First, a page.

Kids fish for school supplies, family ties (Video)
- unverified comments
Thank you for your submission.Error report or correction
One Port O'Connor man said he has been fishing the bay for 52 years. He knows all the tricks - how to bait a hook, where to look, when to go.
On Saturday, during the 12th annual Speedy Stop Kids Fishing Tournament, Daniel Gayle got to see this experience put to use by his 5-year-old grandson, Antonio Gloria.
"He watched me bait my hook and now he is going to start doing his own," Gayle said, watching Antonio play with the bait. "He doesn't want to watch me again because he saw it once already."
Gayle and Antonio's father, Aaron Ochoa, have brought Antonio to the tournament for the past three years.
"Last year, he ate the bait," his dad said, laughing and shaking his head at the memory. "He is really fast. He ate one before we knew it."
This year, Antonio caught three fish before 8 a.m. and cast so hard he almost fell in the water, but his dad quickly pulled him back.
He would catch more he said, but "I keep getting my bait stolen by the Grinch."
Gayle said he appreciates Speedy Stop coordinating the tournament.
"The community looks forward to it," Gayle said. "But the fishing community is even bigger. People know about this; they come from all over. They get excited about it."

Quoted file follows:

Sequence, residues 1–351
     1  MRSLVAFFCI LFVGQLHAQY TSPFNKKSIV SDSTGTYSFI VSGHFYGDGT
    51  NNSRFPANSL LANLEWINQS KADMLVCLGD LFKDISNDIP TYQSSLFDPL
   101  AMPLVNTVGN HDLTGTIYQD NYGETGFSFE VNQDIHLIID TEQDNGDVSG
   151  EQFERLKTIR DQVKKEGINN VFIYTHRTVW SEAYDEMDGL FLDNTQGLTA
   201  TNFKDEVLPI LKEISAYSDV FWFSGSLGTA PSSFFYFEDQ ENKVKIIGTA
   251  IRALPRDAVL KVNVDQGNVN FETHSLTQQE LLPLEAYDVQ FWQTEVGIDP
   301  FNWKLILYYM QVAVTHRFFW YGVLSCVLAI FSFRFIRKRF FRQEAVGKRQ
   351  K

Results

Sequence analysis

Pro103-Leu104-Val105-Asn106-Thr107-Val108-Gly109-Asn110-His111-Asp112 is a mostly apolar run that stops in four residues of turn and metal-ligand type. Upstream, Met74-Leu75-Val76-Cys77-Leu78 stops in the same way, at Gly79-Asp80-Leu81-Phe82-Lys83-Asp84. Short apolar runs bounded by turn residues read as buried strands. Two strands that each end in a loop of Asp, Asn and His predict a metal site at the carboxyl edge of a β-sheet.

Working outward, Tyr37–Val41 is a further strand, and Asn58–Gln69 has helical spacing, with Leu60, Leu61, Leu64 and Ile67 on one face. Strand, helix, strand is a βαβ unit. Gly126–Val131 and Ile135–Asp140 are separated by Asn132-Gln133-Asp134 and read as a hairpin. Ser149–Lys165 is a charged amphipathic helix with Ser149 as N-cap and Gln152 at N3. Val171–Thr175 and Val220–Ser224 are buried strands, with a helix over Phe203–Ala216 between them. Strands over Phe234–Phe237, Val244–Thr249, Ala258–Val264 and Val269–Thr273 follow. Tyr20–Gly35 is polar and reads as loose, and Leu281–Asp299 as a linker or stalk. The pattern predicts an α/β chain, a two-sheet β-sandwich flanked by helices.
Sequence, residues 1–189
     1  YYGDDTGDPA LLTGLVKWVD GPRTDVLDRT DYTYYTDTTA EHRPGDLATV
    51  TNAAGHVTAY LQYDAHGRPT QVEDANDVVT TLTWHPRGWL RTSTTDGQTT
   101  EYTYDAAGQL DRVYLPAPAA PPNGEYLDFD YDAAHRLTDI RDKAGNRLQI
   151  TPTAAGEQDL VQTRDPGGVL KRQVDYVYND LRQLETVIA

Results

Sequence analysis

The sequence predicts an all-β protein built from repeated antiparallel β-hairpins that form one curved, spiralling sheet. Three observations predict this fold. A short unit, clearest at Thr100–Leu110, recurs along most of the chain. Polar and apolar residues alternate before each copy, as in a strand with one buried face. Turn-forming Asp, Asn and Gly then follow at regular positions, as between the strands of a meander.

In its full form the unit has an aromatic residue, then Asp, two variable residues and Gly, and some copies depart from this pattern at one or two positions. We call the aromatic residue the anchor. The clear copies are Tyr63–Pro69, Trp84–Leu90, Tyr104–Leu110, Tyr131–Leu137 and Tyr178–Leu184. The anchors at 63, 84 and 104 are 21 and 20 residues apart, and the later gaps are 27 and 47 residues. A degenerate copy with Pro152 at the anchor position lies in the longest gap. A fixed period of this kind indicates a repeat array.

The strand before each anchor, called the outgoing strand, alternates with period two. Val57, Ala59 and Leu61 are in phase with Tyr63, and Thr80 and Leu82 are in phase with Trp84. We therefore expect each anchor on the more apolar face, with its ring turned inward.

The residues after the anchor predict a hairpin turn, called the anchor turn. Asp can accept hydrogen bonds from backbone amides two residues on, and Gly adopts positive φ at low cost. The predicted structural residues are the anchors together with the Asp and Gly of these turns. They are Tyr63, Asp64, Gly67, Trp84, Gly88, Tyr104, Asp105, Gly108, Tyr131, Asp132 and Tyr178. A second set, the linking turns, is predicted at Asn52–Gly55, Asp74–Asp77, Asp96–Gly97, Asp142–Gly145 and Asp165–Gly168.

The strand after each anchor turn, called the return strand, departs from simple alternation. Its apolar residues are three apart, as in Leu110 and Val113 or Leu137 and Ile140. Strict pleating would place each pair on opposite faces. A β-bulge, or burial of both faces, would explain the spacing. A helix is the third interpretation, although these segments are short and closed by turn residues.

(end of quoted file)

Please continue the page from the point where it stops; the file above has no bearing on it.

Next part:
The tournament, however, provided more than just an opportunity to fish.
Speedy Stop and its vendors gave away back-to-school goody bags to the 500 kids fishing in the tournament.
Filled with crayons, markers, paper and even a new backpack, the gift is partly why Brizi Avalos, mother of two, said her family left Port Lavaca at 5 a.m. to be early for registration, which opened at 6 a.m.
"It is awesome," she said. "It helps a lot. School supplies - they are expensive. And they just gave us markers, crayons, pencils, paper."
Her daughter, Brianna, 7, was fishing for crab to enter into the competition. She caught one that was 5 inches across because, she said, she is experienced.
"If you want to catch a crab, you go with a net to catch the big ones and you scoop it," she demonstrated with her net. "With a pole, you put it in and pull it out slowly."
Speedy Stop also provided lunch for the contestants and their families after the tournament.
"We have some of the best hunting and fishing in the country, not 40 minutes from downtown Victoria," said Jim Angott, advertising manager for C.L. Thomas, the parent company of Speedy Stop. "And they (kids) are catching fish one after another and they are just grinning from ear to ear."
He said that grin, the excitement he sees from the kids, is why he, and about 50 other employees, donate their time to the tournament each year.
"That look on their faces - it is why we all get up at 4 in the morning to be here," he said.
Gayle said fishing has been a good way for his family to come together.
"It is better than other ways, like sitting and watching TV, where you don't get any back and forth communication," Gayle said. "And it is a little faster than growing a garden. You get to see a result right away. It is something to do, and you are getting food to put on the table."
The tournament wasn't about winning, Gayle said. It was about spending time together learning to fish as a family.